DINZ news in brief 24 April 2019
DINZ news in brief 24 April 2019
Are you upper-income, 39 years old, married and female? If you live in Seoul, South Korea, you could be New Zealand’s typical velvet purchaser. Market research funded by the Ministry of Foreign Affairs & Trade and DINZ has provided the industry with an excellent understanding of who buys NZ deer velvet and why. And yes, affluent married women in their 30s and 40s are among the major purchasers of NZ velvet.
DINZ CEO Dan Coup says DINZ and NZ velvet marketers have in the past tended to go on experience and feedback from distributors when positioning and promoting NZ velvet. Now we have research that provides us with a clear idea of where we are strong in the market and where big opportunities lie, he says. The results have been provided to all the industry's big health food partners in Korea.
The reasons that consumers buy velvet-based healthy foods are (in descending order): strengthen immunity; recover from tiredness; to prevent colds; improve physical strength; promote blood circulation; prevent ageing; improve memory; relieve stress; prevent anaemia; and so on. For a detailed report about the research findings, read the May/June issue of Deer Industry News.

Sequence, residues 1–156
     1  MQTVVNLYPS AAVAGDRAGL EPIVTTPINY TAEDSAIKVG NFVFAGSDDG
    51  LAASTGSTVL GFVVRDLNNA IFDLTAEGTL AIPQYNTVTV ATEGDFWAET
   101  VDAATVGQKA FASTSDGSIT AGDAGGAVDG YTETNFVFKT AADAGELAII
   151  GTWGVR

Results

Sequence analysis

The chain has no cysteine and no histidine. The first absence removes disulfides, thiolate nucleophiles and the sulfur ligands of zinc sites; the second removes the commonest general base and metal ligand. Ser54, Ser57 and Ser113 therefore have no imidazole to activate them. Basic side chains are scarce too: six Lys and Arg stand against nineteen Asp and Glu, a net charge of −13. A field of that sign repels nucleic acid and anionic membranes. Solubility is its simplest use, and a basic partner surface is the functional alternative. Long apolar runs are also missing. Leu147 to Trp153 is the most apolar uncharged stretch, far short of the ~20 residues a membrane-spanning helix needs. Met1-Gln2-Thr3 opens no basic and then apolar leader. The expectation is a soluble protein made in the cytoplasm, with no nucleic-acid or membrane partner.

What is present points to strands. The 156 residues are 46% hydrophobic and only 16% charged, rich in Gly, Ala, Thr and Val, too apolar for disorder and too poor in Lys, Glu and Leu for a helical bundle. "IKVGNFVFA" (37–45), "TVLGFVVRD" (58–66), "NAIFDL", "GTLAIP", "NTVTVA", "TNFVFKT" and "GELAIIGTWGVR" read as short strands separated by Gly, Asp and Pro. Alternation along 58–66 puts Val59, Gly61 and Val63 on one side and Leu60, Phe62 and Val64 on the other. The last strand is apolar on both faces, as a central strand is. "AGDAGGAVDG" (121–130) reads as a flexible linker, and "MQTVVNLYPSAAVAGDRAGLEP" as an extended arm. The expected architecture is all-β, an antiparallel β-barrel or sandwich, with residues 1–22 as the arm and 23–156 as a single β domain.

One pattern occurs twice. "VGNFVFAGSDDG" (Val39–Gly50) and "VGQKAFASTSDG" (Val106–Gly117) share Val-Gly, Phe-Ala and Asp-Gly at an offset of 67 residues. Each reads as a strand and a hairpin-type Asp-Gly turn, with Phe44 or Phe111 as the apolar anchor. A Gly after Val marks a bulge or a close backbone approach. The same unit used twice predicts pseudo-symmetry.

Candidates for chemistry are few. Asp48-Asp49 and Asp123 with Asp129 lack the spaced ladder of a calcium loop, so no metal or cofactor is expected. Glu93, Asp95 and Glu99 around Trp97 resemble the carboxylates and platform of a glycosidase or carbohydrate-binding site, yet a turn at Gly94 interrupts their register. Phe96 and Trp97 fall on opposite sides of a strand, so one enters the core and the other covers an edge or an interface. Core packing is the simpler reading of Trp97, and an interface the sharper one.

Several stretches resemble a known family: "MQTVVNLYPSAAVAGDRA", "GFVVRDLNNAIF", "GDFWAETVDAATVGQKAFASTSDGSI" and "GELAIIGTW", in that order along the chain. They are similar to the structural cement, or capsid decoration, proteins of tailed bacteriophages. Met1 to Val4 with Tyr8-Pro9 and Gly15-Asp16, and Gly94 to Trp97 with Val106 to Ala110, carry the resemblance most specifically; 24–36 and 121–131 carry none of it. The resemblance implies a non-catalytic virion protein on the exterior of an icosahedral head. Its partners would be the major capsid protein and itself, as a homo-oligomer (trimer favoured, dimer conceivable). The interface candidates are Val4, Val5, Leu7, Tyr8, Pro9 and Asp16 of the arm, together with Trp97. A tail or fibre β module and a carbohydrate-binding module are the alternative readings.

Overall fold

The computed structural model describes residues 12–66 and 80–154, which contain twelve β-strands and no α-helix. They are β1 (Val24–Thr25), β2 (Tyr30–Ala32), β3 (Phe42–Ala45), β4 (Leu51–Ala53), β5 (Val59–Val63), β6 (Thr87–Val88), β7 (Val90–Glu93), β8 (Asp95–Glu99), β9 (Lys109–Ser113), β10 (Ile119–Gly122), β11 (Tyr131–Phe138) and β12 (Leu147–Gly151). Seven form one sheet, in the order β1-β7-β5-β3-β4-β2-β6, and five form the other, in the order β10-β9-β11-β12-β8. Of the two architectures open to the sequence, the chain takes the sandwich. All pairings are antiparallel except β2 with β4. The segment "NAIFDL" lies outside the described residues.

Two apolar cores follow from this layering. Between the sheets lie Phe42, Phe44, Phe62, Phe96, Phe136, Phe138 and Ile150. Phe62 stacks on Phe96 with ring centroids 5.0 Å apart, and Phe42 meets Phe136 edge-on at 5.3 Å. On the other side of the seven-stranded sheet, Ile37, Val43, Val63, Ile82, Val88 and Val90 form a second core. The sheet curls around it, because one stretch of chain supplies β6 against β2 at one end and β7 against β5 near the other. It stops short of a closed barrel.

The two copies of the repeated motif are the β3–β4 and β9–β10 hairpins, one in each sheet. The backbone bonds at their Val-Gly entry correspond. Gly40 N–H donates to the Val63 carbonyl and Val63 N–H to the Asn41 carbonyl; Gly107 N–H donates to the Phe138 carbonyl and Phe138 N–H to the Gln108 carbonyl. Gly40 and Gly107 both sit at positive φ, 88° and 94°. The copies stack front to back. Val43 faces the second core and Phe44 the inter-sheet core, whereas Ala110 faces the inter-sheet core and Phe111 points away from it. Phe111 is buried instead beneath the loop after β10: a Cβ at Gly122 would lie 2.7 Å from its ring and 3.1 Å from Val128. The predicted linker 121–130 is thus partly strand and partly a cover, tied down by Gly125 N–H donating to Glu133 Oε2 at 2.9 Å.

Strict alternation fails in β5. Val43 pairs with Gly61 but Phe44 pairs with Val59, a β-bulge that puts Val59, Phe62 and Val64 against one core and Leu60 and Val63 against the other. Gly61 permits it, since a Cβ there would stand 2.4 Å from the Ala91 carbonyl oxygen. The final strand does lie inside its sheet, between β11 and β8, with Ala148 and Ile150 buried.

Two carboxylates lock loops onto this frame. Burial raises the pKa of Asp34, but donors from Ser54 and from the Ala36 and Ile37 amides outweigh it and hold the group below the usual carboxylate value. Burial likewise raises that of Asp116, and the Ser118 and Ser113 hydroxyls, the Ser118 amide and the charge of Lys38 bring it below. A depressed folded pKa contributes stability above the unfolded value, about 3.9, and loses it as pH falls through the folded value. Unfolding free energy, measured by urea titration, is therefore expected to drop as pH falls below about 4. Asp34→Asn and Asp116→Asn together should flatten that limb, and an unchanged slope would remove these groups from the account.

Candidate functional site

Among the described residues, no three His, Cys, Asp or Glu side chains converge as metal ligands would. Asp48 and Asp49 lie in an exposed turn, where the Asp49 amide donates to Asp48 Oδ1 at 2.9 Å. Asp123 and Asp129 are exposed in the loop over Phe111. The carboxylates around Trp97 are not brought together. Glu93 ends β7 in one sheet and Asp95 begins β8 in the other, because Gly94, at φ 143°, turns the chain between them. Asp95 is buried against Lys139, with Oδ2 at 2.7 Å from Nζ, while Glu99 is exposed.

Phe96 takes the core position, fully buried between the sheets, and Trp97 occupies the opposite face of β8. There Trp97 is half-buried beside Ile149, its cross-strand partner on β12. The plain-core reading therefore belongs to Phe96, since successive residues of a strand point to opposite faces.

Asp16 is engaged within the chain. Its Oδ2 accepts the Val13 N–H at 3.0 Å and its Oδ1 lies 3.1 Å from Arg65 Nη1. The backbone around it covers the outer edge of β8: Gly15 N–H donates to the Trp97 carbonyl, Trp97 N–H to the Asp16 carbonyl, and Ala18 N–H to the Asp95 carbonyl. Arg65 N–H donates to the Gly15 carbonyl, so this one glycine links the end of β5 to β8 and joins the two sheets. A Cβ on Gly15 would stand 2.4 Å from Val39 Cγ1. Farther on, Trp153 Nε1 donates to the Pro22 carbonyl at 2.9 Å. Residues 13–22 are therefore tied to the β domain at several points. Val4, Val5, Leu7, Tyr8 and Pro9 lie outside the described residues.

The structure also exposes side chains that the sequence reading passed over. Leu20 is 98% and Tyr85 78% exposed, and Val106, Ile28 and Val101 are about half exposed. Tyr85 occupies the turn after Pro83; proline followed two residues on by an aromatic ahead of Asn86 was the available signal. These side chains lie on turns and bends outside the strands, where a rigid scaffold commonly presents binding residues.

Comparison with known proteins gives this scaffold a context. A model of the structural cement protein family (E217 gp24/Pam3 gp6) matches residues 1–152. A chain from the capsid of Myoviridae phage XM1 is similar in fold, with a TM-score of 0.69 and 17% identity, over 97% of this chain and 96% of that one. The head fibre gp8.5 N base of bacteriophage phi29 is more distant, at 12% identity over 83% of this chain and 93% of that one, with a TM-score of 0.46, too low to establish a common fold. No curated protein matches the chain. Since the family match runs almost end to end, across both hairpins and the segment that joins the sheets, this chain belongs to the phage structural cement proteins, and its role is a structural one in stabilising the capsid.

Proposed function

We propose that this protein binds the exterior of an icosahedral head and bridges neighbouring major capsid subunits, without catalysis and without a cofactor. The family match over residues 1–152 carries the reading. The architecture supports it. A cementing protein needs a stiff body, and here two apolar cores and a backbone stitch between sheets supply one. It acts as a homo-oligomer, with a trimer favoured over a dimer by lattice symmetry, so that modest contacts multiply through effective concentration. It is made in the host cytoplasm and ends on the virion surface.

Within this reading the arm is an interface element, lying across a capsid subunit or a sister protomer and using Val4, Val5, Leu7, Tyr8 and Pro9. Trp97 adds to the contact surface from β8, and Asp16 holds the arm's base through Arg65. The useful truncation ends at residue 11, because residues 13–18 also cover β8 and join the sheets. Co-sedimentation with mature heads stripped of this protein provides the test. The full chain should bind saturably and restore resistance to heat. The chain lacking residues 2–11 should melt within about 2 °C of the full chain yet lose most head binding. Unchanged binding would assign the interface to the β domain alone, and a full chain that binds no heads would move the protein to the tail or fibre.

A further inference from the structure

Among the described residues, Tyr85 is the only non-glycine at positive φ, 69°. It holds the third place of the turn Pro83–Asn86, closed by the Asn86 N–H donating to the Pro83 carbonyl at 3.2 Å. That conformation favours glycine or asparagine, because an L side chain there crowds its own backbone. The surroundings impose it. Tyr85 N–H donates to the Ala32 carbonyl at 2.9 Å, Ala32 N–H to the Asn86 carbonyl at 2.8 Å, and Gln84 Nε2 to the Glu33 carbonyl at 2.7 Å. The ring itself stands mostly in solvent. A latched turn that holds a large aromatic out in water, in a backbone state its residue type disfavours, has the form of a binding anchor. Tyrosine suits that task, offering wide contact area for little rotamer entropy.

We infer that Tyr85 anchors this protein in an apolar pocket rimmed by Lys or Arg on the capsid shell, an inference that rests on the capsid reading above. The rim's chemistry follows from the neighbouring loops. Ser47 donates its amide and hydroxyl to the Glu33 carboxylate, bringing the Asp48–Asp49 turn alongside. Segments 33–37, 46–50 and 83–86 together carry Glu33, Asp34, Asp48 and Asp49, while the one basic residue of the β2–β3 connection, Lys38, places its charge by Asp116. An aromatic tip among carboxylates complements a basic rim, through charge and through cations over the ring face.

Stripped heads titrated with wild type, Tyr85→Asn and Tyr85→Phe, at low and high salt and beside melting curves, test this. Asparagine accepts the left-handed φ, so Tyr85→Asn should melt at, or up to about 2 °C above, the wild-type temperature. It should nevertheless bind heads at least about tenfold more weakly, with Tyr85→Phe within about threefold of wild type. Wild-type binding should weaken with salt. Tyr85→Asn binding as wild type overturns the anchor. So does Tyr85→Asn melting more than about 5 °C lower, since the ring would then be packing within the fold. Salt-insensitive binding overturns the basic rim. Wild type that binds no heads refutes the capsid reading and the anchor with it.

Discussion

Photo: A New Origin concept store in Seoul, South Korea. These upmarket stores sell healthy foods including velvet-based products in consumer-friendly ways, such as in smoothies
China venison market growing: Venison is not a meat that’s traditionally consumed in China, but our venison marketers have made some successful bridgeheads. This is reflected in export stats for 2018 that show China is now our seventh largest venison market, worth $7.167 million. China is also our second largest market for co-products (bones, pizzles, sinews, tails etc) worth $8.344 m. At a total of $15.51 m this makes China our fourth largest combined market for venison and co-products.
The largest market for venison and co-products is the United States (venison $53.24 m; co-products $19.84 m; total $71.09 m), followed by Germany, Belgium, then China. They are followed by the Netherlands, Switzerland, Finland, Hong Kong and the UK. Most of the exports to Hong Kong are co-products, for which it is the third largest market after the United States and China.
Research thrust continues: DINZ channels most of the levy funding used for deer farm-related research through DeeResearch and VARNZ (velvet), both of which are joint ventures with AgResearch.
In 2017/18 more than $1.79 million was invested through DeeResearch in projects with a deer-only focus, of which nearly 75% was sourced from AgResearch. In 2017/18 VARNZ invested $160,848 in velvet-related research, of which about 90% was sourced from levy payers.